Sasaki Associates, Inc. Creates Exciting Sparks

Sasaki Associates, Inc.

Sasaki Associates, Inc. is creating exciting sparks of design in the industry of campus recreation.

How do we prove our value? 

That is one of the most commonly asked questions in the industry today. Campus recreation departments are striving to prove their programs, staff and facilities are a relevant part of the campus mission. But they know their value; it’s just proving it to the upper administration.

However, the industry of campus rec has little to prove to Sasaki Associates, Inc. when it comes to its value. The architecture and design firm has a team who is very aware of campus recreation’s impact.

“These buildings and programs they serve provide incredible value to an institution’s mission, and the recent focus on student wellness adds a whole new level of interesting consideration when it comes to student development and support,” said Bill Massey, a sports practice leader, architect and principal at Sasaki.

It was 25 years ago that Massey dove into campus architecture. But as time went on, he fell in love with recreation in particular. “Recreation can have such a positive influence on a student’s experience, and architecturally, recreation facilities often have a strong and inviting presence on a college campus,” he shared.

Sasaki staff

Emily Parris and Bill Massey.

The design firm Sasaki has been creating facilities that do just that since 1953, and Massey joined the team in 2007, working on dozens of recreation facilities since. Currently, he is completing design on a new recreation and wellness center for Penn State University’s Behrend campus. It’s positioned to be a gateway building for the campus, allowing Massey to highlight wellness as an institutional priority, as well as advertise the fitness and wellness programs offered.

In fact, Emily Parris, an architectural sports designer and senior associate at Sasaki, was drawn to the company for its holistic approach to campus design. “At Sasaki, we are passionate about what we do,” she said. “We are recreation users, wellness enthusiasts, and playful fans of healthy competition and individual well-being. In many ways, this genuine interest and commitment to what we do allows us to be partners with our clients.”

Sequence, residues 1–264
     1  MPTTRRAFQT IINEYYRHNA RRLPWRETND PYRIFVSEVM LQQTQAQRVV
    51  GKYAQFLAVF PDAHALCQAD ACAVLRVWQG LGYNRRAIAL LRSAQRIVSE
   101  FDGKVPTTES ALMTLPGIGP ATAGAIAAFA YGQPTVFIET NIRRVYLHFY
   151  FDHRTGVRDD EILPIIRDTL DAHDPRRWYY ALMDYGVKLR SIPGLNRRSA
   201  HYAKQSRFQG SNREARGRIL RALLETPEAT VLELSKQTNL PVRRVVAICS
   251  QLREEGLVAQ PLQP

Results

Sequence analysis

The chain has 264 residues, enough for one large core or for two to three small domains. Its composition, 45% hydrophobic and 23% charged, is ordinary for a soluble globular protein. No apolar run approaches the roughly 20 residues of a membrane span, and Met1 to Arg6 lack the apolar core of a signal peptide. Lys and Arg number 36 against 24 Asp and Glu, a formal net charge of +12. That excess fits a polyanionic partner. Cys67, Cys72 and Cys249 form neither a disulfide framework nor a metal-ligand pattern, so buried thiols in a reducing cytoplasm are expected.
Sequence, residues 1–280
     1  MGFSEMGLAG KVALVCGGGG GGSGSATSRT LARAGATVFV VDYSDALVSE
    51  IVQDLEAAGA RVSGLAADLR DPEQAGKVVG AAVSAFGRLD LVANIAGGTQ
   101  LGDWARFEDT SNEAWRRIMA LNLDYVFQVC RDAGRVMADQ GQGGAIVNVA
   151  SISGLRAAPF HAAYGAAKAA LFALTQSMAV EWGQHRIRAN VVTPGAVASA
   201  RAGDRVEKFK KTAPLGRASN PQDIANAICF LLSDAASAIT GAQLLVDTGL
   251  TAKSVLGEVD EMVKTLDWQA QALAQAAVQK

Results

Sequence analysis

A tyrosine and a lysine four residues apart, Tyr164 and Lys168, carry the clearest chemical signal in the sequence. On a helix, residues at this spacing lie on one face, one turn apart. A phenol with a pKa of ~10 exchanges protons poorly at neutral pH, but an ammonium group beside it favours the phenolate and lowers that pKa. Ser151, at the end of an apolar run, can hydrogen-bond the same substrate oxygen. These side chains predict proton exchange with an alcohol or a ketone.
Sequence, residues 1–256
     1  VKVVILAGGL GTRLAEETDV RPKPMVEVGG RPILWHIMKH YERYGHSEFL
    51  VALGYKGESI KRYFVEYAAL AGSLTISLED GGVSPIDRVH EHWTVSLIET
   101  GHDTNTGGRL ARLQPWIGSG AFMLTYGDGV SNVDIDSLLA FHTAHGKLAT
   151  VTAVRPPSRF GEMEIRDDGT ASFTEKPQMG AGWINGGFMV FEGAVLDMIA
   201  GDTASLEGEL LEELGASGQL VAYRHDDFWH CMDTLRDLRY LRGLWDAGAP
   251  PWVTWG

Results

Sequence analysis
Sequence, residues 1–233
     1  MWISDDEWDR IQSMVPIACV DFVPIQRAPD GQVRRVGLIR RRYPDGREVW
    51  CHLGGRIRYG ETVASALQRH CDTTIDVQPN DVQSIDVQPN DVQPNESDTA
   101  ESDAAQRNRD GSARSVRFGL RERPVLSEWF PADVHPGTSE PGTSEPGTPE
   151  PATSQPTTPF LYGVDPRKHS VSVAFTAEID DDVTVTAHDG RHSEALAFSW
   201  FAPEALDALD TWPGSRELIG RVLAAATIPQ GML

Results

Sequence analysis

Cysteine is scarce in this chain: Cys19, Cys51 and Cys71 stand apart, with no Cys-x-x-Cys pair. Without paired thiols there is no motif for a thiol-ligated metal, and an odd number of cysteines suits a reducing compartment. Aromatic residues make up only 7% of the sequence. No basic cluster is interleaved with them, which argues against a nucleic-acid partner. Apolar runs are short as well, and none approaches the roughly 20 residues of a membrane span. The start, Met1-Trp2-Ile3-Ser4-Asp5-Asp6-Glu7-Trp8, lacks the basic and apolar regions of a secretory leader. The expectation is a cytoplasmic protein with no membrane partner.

Both Massey and Parris’ words seem to echo the Sasaki motto: “Better Design, Together.” In any project, there is no formula to follow. Instead, Massey shared it’s very workshop-like where clients and the firm explore ideas together. It’s important that during the years of a project trust is built with client partners. This is essential especially because of Sasaki’s key ingredient: creativity.

“Our secret ingredient is bringing really creative, and often unexpected, solutions to problems that no one else may have thought of,” said Massey. “We are willing to put out unconventional ideas to test the waters, and oftentimes, many of them stick. But even if they don’t, they inspire discussions that ultimately influence our design considerations as we continue exploring ideas.”

Sasaki Associates, Inc.

Since 1953, the Sasaki team has been creating facilities with a strong and inviting presence.

For example, Parris has worked on the Harold Alfond Athletics and Recreation Center at Colby College — which just opened after five years of design and construction. Sasaki Associates, Inc. served as the lead sports design architect working alongside internationally acclaimed Hopkins Architects. The project saw Colby’s nature and wellness values combine to create a hub of health for students, employees, athletes and the community. Parris explained one of her favorite features is the large exterior courtyard that is central to the building. 

“This space is really unique in that it is naturally landscaped, but also programmed to accommodate group exercise or yoga classes, social club meetings, campus special events, or just as a peaceful space to have lunch or gather with friends,” she explained. “The goal is to create a welcoming and flexible space for all.”